For many people in our community, myself included, this past year has been one of incredible learning and growth. As we near the end of 2021, I believe it is more than fitting that we take a day to reflect on what reconciliation truly means to us and to our country, to grieve with our Indigenous loved ones, and to commit to do better.
In late May, the world learned that the Tk’emlúps te Secwépemc had recovered the remains of 215 children from the former Kamloops Indian Residential School. Following this, as hundreds more unmarked graves were (and continue to be) revealed at other sites across the country, Canadians began to pay attention. Seemingly overnight, the topic permeated social media feeds, family conversations, workplace meetings, and classrooms alike. Children confronted their parents, teachers adapted history lessons, and journalists dug deep for accountability.
The impact of this news was immense, yet to Indigenous nations and families across Turtle Island, we must remember that it wasn’t news at all. Just as none of us would forget losing our children, they never did. We must also remember that for decades, Indigenous people have been working to bring their trauma and oppression to light in ways that our colonial culture would not write off or ignore.
Moving forward, we must keep listening, learning, and humbly sharing in the work of reconciliation as led by Indigenous people. As our community continues to heal from the widespread grief, fear, and loss of the COVID-19 pandemic, I urge you to also reflect on the ongoing healing of Indigenous people, and consciously work towards the societal healing we have yet to achieve.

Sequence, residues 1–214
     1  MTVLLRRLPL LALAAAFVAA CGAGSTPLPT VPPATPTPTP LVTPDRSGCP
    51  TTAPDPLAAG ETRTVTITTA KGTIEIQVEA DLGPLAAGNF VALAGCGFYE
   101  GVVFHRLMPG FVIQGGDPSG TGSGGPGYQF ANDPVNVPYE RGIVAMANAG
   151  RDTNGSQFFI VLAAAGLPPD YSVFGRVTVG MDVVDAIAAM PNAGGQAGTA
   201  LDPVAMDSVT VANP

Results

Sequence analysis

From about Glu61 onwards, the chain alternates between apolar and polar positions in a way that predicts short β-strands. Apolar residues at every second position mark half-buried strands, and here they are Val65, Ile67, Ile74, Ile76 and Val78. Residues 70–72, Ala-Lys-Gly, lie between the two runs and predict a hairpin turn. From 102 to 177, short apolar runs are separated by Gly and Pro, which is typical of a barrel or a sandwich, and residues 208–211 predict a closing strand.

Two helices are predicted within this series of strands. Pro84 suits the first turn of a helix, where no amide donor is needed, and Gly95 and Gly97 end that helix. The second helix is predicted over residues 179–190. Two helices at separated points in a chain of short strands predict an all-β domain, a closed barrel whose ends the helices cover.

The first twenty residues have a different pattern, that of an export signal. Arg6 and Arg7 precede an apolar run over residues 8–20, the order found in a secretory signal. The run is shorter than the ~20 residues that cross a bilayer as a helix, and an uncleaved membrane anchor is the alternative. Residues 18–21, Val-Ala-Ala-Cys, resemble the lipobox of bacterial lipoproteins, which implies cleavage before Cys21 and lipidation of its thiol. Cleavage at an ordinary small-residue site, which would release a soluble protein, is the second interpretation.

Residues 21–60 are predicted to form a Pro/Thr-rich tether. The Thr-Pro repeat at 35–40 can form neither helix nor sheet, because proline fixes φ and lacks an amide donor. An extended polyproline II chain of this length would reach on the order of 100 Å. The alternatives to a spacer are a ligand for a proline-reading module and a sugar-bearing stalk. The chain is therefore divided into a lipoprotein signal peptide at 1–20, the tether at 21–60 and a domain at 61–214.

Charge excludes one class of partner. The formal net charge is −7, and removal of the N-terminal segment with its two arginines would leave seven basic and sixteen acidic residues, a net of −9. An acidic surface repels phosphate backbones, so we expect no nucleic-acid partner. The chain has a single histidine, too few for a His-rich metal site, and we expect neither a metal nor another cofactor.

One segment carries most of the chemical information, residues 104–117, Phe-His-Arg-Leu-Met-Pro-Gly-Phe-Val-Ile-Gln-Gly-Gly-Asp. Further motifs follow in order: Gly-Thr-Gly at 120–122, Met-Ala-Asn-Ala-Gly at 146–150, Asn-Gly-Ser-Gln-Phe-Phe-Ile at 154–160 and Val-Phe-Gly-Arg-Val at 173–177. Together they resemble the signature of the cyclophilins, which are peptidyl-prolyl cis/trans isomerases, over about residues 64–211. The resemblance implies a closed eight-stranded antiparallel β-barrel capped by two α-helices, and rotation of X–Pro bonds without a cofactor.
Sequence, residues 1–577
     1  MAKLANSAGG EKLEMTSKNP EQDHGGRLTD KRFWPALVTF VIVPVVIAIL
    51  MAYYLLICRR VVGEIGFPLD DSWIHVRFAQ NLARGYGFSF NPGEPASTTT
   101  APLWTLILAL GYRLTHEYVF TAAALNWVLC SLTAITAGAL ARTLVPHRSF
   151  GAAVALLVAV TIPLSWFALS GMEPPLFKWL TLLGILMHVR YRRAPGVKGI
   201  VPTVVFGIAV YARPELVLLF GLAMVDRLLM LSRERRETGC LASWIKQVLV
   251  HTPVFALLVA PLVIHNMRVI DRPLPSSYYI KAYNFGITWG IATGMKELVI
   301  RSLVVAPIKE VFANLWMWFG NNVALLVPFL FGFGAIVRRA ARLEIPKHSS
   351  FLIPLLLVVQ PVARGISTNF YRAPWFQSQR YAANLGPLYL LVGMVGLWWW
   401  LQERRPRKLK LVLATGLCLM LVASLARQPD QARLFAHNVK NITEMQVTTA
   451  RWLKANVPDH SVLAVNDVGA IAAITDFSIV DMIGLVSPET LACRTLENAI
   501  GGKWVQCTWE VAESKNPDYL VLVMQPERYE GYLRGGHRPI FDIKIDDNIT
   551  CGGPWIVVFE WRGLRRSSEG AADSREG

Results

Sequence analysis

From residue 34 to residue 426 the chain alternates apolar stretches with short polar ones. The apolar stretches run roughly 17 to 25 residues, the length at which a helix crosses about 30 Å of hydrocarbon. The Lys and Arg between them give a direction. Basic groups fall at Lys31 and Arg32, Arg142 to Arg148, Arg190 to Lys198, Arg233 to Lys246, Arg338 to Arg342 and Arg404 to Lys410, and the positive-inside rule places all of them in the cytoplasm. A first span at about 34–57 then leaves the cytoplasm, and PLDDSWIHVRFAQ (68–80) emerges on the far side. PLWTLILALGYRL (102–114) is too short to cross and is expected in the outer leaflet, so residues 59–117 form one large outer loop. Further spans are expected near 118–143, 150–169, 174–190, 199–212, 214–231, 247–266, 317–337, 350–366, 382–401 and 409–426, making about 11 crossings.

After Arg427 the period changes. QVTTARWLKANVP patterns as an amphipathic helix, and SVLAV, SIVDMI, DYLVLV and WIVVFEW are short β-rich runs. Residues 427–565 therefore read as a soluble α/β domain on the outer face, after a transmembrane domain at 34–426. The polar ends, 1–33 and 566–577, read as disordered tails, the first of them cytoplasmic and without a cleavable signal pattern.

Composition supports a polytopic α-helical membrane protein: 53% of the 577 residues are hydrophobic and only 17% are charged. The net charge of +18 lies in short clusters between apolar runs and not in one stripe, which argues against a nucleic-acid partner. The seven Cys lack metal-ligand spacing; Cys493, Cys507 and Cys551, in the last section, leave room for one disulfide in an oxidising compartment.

To this end, I encourage the entire VCC community to visit the on-campus tables hosted by VCC’s Indigenous Education and Community Engagement department and make an “orange shirt pledge” or purchase a T-shirt from the VCC Bookstore with proceeds going to the Orange Shirt Society and BC Aboriginal Child Care Association. To take part in further reconciliation efforts, see the resources listed below.
For centuries, Canadians attempted to “kill the Indian in the child” under the guise of education. Now, these children and their descendants are teaching us. As a post-secondary community, we, especially, have a responsibility to truth, equity, and justice. If we are good students, our learning will extend beyond this tragic history and teach us great things about resilience, progress, and stewardship of the land that sustains us all.
President and CEO
Vancouver Community College